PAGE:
After strongly signaling its intentions on Tuesday, one of the wildest Marches in the 146 years that the U.S. government has been tracking the weather evidently is about to take a riotous turn with a meteorological rarity on the first full day of spring.
Meteorologists say the briskest coastal-storm traffic in more than three decades will culminate in a potentially historic spring snowstorm. By the time it stops, daily and monthly Philadelphia records might have fallen, along with up to a foot of snow.
It would be accompanied by what is now a familiar litany of disruption: coastal flooding; heavy, water-weighted snow; gale-force gusts; preemptive closings; and potential power outages. Utility crews were on alert, and Peco already had imported out-of-state help.
"Fortunately, and unfortunately, we've got a lot of experience," said Peco spokesman Doug Oliver.
"In March alone."
This one, an amalgam of several disturbances and the original coastal storm that began pestering the region on Tuesday, would be the fourth significant nor'easter to affect the region since March 2. The mid-Atlantic hasn't experienced a sequence like this in 31 years, according to meteorologists at the government's Weather Prediction Center.
Heavy snow is expected by late morning Wednesday and could continue well into the night. But even as the region was teased with a wintry mix of hors d'oeuvres on Tuesday, Wednesday was assuming the characteristics of a classic snow day. Philadelphia public and archdiocesan schools announced they would be closed; NBC10 is keeping a running school list. SEPTA said Regional Rail would operate on a Saturday schedule. Philadelphia International Airport, where flight cancellations were accumulating, said to check with your airline.
"Take this storm seriously," the weather service said in its Tuesday afternoon discussion. "We continue to need to sound the siren for major or extreme impact."
A major issue for this one had been whether the snow would be a match for the potent equinoctial sun. That was answered Tuesday, said Daniel K. Petersen, a prediction center forecaster. The outbreak of snow and sleet was "a nice tip-off," he said. "We know we have cold air in place."
The supplier is cold high pressure over southeastern Canada, and the circulation of the storm, the source of the copious moisture, has lured it southward.
Also contributing to the cooling was the fact that when the precipitation started Tuesday, the atmosphere over the region was quite dry, he said. As precipitation falls into dry air, some of it evaporates; that gives off a cooling effect, similar to that of water evaporating from the skin after a hot shower.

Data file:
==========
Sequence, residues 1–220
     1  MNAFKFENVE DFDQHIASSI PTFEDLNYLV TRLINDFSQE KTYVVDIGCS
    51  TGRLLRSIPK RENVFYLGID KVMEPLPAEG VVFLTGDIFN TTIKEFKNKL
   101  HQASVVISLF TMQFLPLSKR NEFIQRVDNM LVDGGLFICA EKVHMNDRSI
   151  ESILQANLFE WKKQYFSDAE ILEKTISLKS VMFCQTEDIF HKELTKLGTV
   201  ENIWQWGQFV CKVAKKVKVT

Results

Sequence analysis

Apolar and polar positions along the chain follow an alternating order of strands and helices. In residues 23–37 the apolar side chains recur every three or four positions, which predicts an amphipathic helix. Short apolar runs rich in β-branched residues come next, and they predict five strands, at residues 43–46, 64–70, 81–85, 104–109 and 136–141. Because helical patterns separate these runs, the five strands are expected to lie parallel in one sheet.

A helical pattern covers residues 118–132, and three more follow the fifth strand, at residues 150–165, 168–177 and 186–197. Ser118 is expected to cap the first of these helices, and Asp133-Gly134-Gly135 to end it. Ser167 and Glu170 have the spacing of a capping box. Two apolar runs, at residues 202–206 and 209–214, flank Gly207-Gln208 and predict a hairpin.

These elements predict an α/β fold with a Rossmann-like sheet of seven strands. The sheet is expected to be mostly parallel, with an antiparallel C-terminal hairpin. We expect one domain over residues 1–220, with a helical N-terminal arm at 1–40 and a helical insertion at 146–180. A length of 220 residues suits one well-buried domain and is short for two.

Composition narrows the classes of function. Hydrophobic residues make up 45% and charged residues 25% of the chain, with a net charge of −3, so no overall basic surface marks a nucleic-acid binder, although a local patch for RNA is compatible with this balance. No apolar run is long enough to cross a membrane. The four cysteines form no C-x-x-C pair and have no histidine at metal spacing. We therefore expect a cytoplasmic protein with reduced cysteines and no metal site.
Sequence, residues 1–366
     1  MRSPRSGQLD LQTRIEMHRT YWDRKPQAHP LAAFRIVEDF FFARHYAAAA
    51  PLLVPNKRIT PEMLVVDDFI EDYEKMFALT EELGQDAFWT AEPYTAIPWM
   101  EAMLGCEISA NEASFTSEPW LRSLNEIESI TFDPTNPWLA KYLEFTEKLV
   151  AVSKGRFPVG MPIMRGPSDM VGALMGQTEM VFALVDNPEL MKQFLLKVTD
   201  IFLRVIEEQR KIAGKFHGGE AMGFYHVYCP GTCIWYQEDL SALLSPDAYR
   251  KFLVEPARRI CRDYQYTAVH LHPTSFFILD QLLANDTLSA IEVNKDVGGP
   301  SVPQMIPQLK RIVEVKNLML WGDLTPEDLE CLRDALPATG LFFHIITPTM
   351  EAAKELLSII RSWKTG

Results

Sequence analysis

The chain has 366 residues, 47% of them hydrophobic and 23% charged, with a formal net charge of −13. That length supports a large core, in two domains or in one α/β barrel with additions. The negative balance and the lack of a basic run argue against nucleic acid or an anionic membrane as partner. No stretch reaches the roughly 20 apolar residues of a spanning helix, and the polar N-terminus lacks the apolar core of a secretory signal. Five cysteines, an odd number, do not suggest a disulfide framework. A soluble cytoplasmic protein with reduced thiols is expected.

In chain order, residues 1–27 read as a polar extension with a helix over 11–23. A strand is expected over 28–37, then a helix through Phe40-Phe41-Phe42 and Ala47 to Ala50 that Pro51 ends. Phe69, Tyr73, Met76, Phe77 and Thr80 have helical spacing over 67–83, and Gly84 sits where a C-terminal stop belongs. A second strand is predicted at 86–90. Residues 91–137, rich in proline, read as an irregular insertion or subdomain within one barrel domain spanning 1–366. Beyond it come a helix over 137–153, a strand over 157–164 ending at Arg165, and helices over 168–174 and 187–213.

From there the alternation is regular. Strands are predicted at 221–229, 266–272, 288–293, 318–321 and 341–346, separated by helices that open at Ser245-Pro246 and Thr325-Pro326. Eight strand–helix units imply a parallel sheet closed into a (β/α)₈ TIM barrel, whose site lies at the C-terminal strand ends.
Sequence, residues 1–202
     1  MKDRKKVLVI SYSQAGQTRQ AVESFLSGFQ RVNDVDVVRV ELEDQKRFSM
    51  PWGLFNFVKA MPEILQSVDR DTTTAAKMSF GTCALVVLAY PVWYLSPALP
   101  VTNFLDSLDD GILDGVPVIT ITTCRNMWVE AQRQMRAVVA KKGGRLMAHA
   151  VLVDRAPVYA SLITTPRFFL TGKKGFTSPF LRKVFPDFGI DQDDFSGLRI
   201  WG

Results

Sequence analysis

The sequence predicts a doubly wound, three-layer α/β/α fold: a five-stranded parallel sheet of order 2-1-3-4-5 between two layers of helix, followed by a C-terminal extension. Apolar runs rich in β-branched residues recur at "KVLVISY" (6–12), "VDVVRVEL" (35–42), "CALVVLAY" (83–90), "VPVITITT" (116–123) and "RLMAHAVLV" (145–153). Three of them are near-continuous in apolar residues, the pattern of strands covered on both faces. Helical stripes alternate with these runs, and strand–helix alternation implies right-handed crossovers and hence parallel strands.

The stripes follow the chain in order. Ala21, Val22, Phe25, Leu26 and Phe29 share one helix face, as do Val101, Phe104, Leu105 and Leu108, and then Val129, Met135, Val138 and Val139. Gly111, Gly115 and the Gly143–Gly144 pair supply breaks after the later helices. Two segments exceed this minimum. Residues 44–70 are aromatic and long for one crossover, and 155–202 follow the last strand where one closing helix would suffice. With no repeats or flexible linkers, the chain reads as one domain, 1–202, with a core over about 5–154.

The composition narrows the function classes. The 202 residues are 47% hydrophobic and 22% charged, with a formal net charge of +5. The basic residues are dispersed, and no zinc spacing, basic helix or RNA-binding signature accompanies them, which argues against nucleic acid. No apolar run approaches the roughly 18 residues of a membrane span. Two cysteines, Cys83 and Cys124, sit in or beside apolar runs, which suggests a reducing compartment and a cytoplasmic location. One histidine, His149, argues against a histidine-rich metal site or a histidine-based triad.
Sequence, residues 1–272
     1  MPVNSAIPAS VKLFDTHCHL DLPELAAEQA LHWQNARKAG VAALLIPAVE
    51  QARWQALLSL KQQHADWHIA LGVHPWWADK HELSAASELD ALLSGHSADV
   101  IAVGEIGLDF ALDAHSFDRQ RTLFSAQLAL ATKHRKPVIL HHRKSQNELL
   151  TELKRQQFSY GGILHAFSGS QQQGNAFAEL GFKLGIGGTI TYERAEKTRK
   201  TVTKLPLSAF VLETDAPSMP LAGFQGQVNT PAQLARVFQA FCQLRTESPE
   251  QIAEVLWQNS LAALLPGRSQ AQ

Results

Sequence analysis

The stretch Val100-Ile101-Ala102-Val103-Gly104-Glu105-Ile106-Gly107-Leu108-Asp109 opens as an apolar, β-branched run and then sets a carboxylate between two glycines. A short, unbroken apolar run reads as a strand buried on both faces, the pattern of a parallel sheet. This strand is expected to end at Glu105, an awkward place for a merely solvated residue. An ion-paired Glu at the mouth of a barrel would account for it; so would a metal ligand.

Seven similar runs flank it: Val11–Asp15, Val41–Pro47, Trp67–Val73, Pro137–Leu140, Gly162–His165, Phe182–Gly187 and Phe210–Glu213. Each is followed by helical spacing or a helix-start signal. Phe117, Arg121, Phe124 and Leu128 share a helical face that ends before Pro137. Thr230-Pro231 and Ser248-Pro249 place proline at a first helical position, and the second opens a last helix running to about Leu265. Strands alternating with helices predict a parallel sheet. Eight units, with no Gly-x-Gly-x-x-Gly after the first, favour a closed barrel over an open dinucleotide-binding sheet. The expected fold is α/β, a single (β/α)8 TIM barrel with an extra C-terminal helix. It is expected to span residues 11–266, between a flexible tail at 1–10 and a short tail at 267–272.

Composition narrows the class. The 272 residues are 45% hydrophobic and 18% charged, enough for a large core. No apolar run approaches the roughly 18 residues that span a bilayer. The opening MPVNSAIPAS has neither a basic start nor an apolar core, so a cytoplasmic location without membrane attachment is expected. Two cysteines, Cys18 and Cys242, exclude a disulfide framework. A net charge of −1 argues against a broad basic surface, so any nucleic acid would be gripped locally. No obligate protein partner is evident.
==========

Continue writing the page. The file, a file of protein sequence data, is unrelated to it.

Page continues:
Most of what falls in and around Philadelphia on Wednesday well into Wednesday night will be snow, he said, with the heaviest amounts along the I-95 corridor from Washington to New York.
The term heavy snow should be taken quite literally and seriously. With temperatures near freezing, the aggregated flakes will be waterlogged. A foot of snow could add 100 pounds or more of weight to a branch on a mature tree.
The trees do have a few things going for them – they are still mostly leafless, and it's at least possible that earlier storms pruned some of the weaker stock – said Tyler B. Altenburger, arborist at Longwood Gardens near Kennett Square. But the sheer weight of the snow would be a major concern: "If it's heavy and wet enough, then anything can happen."
Wind gusts close to 30 mph are expected Wednesday morning inland, and up to 50 mph at the Shore as the storm matures.
Nor'easters are so named for the winds from the northeast that they generate. They are a winter staple around here — but not four of them in three weeks. An air pressure pattern over the North Atlantic has been locked in place since the beginning of the month, delivering cold air that helps set off coastal storms, then blocks them from moving quickly.
The longer-term outlooks see a possible warm-up next week, said the Weather Prediction Center's Petersen. "We have to see whether this is the last storm of the season," he added.
"Luckily," said Peco's Oliver, "there's not many days left in March."